Google’s “Project Oxygen” conducted extensive data-mining on the company’s best international managers and identified eight characteristics of its most effective leaders. These are traits you might work to develop in yourself, if you hope to rise into top positions within your own field and organizations:
- Be a good coach, providing supportive suggestions to your workers, along with any criticisms.
- Empower your team, rather than micromanaging and usurping team members’ individual initiative.
- Express interest in your workers’ well-being, and get to know them as people and families apart from the workplace.
- Be results-oriented, motivating your team toward success with a focus on removing obstacles to productivity.
- Be a good communicator and listener, and be responsive to the team’s concerns.
- Help your workers with career development, using the same tools that have helped your own career to advance.
- Have a clear vision, and keep the team moving forward toward shared goals.
- Keep your technical skills sharp, so you can demonstrate rather than just direct.
Wisdom of Successful Leaders
The best lessons on how to achieve success frequently do not come from textbooks but from the mouths of those who are successful in their given field. Not long ago, The New York Times conducted interviews with chief executives on the qualities most essential for achieving success, for both workers and leaders. The five most critical X-factors, along with quoted CEO perspectives, are:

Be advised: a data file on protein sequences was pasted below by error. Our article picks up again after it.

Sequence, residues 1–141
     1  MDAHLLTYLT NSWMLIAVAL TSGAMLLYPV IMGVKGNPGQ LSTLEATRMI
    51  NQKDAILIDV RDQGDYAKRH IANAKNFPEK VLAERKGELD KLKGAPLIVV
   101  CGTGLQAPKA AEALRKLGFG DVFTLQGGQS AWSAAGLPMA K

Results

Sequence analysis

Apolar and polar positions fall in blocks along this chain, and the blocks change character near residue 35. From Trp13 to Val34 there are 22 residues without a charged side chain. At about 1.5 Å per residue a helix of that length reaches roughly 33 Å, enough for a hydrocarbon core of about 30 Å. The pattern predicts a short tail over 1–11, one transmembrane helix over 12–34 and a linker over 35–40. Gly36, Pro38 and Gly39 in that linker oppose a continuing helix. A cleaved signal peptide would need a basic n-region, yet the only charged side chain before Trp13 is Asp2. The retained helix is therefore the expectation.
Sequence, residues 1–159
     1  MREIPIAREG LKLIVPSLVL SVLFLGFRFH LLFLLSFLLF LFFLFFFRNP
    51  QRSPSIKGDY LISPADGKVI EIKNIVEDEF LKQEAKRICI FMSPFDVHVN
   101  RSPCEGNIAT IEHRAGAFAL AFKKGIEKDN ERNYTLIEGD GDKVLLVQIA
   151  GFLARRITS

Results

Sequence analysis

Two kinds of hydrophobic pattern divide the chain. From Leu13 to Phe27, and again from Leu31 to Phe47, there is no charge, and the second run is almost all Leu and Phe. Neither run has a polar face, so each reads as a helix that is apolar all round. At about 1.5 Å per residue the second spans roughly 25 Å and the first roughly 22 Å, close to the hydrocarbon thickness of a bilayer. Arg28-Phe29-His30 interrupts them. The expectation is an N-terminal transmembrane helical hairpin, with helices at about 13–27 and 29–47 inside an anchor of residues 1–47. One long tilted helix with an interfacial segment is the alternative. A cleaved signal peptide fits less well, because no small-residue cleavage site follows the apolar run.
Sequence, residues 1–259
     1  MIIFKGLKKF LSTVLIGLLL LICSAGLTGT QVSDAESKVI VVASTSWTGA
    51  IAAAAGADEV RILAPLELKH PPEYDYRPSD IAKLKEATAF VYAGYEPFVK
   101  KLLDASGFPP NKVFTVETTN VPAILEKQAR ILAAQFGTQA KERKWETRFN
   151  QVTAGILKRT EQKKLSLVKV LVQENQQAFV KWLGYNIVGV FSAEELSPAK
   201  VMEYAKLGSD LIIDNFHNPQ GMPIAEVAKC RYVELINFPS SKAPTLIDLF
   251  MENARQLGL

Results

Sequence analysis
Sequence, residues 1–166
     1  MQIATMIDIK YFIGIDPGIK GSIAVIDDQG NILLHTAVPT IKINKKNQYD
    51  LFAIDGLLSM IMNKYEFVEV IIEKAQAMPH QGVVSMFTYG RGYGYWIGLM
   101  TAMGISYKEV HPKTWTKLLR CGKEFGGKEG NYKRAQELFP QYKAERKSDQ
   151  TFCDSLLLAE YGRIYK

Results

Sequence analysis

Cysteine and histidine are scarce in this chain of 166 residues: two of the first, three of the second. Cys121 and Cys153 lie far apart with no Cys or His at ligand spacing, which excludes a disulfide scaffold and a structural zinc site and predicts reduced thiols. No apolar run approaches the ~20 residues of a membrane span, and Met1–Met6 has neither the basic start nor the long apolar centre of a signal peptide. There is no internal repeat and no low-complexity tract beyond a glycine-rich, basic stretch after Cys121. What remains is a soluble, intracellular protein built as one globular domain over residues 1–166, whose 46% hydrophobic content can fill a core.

- Passionate curiosity: the best CEOs are not always the smartest but are typically the best learners.
- Battle-hardened confidence: “Tell me what adversity you faced, what you did about it, what did you learn … the people I hire fall down, dust themselves off, and keep fighting the next day.” – Nancy McKinstry, CEO of Wolters Kluwer
- Team smarts: “More than talent, I most need people who can build a team, manage a team, recruit well, and work with their peers.” – Susan Lyne, Chairman, Gilt Groupe
- A simple mind-set: “Be concise, get to the point, make it simple. Bosses are not impressed with complexity.” – Adam Bryant
- Fearlessness: “I have to have people who aren’t afraid of change but have an appetite for it.” – Mindy Grossman, CEO of HSN
- Career opportunities in marketing and related fields should remain solid, but practitioners must be prepared for stiff competition.
- The Bureau of Labor Statistics Occupational Outlook Handbook provides extensive information on careers, using related skills in fields of communications, research, management, entertainment, public outreach and education, etc.
- Among the traits helping managers and teams to succeed are the abilities to be a good coach, empower the team, support workers’ well-being, focus on results, communicate and listen well, encourage career development, provide a clear vision, and keep skills sharp.
- The most successful leaders have a passionate curiosity, confidence, team smarts, a simple mind-set, and fearlessness.
Source: Steven R. Van Hook and Saylor Academy
This work is licensed under a Creative Commons Attribution 4.0 License.